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Office Supply Fetish: Nerdy History of Tabs & Index Cards

Yay! Tabs!

Technology Review: Keeping Tabs

Here's a fascinating history of a small but influential idea that's touched the lives of every librarian, accountant, office supply fetishist, and web surfer: **the tab**.

The original tab signaled an information storage revolution and helped enable everything from management consulting to electronic data processing.

The tab's story begins in the Middle Ages, when the only cards were gambling paraphernalia. Starting in the late 14th century, scribes began to leave pieces of leather at the edges of manuscripts for ready reference. But with the introduction of page numbering in the Renaissance, they went out of fashion.

Apparently, the modern index card really hit its stride after file cards -- and the "randomly accessible, infinitely modifiable arrangement of data" they afforded -- became the province of a company founded by Melvil Dewey (yes, that Dewey):

His cards were made to last, made from linen recycled from the shirt factories of Troy, NY. His card cabinets were so sturdy that I have found at least one set still in use, in excellent order. Dewey also standardized the dimension of the catalogue card, at three inches by five inches, or rather 75 millimeters by 125 millimeters. (He was a tireless advocate of the metric system.)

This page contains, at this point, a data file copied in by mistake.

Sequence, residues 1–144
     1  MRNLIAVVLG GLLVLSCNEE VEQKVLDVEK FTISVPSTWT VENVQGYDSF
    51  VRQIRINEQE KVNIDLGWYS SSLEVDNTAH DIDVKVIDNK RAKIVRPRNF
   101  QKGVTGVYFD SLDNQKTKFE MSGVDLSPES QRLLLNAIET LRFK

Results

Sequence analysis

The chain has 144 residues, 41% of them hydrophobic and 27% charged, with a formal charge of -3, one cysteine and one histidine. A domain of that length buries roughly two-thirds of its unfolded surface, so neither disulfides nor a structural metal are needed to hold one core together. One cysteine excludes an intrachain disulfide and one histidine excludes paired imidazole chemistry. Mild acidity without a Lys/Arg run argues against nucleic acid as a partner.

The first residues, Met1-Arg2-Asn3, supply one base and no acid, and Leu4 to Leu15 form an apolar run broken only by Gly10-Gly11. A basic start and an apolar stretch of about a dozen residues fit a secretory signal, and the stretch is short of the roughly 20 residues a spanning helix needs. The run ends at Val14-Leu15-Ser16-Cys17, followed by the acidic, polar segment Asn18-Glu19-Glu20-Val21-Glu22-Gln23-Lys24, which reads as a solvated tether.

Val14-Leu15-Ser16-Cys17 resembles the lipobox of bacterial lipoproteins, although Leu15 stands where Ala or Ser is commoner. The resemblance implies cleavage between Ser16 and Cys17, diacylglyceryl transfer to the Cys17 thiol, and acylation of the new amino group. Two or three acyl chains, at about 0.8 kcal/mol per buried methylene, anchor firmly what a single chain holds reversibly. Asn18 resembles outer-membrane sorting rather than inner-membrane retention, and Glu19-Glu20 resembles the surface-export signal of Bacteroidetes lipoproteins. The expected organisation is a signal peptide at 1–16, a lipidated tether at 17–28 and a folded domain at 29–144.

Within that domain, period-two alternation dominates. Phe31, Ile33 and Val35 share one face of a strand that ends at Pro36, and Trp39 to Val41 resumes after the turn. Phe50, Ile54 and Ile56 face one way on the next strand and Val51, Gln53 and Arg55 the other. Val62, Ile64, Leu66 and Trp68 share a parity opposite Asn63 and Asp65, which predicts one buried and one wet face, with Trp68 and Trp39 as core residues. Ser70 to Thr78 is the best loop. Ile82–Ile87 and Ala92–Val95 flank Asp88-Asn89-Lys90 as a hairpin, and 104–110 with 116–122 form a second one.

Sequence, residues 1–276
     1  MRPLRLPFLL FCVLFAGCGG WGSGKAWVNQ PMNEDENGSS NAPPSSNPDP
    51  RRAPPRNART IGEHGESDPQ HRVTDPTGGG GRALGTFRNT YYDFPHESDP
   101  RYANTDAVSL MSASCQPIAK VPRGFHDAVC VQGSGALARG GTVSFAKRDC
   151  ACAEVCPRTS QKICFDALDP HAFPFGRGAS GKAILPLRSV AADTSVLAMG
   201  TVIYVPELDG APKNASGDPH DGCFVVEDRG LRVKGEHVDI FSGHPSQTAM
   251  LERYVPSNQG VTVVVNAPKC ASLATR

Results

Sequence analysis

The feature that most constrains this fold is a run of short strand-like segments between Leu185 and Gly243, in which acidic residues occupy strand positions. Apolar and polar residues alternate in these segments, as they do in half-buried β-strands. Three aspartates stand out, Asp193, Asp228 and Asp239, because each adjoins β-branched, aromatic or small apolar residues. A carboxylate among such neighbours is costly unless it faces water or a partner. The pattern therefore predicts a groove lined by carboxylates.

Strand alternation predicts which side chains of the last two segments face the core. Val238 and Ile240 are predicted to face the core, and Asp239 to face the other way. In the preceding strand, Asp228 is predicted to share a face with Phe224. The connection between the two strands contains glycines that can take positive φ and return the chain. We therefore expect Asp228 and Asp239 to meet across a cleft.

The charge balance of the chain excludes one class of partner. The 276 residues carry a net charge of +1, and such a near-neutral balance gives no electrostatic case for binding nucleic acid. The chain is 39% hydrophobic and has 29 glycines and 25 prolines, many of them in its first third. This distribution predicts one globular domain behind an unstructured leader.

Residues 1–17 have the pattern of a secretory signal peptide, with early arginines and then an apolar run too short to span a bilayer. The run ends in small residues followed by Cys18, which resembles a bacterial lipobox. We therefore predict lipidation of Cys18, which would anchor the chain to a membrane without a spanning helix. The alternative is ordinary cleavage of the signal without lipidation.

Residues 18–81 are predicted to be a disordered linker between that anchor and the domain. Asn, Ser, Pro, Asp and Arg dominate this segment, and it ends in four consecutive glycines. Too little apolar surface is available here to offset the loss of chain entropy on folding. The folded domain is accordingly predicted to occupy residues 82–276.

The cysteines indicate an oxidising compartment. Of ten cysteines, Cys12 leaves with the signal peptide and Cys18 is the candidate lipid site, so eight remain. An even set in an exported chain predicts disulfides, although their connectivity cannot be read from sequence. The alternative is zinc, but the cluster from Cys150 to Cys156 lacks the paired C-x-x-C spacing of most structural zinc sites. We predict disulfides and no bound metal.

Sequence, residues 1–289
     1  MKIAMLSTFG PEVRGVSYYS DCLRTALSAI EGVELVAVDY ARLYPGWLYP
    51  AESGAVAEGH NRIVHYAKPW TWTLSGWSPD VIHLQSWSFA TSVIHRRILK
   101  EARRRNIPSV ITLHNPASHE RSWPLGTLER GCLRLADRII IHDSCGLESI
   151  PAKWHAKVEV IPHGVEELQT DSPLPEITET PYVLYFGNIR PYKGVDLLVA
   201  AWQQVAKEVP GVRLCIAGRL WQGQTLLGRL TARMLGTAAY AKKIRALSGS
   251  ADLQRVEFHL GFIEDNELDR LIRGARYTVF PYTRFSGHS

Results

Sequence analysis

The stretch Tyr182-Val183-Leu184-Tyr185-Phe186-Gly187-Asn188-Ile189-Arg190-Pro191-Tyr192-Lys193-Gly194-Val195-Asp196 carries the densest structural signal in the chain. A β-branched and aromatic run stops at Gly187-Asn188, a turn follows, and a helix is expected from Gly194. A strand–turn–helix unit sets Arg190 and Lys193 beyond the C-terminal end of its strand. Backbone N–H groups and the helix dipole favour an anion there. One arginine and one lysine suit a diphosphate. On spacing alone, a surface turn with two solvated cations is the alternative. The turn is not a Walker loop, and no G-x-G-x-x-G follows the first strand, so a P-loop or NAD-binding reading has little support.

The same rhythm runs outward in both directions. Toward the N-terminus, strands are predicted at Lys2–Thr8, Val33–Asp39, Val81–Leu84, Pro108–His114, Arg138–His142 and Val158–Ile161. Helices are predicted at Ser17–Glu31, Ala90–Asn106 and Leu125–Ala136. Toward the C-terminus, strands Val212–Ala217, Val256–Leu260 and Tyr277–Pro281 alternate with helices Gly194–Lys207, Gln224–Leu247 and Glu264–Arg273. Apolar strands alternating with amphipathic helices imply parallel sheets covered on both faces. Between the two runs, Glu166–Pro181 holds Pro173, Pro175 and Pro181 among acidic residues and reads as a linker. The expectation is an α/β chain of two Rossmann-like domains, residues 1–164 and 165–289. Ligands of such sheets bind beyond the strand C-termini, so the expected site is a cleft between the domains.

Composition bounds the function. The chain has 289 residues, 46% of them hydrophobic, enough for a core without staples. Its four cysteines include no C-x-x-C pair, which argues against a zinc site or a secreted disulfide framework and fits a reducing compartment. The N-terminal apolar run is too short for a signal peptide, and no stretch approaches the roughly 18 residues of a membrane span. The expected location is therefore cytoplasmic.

And for this magical mashup of index cards and the little popup dividers that separate and organize them, we can apparently thank the ingenuity of one James Gunn.

The tab was the idea of a young man named James Newton Gunn (1867–1927), who started using file cards to achieve savings in cost accounting while working for a manufacturer of portable forges. After further experience as a railroad cashier, Gunn developed a new way to access the contents of a set of index cards, separating them with other cards distinguished by projections marked with letters of the alphabet, dates, or other information.

I'd love to see James Burke do a whole series just on information, media, and the physical inventions that brought us to where we are. I'm a total dork for stuff like this.

Carissa Thorp's picture

Bit of a co-incidence

I recently "tickled" these links to see what comes out of this event: Notebooks and Note-takers: da Vinci to Darwin. Ann Blair is going to be one of the speakers.

Articulate (my original source) and the event's home page.




An Oblique Strategy:
Honor thy error as a hidden intention


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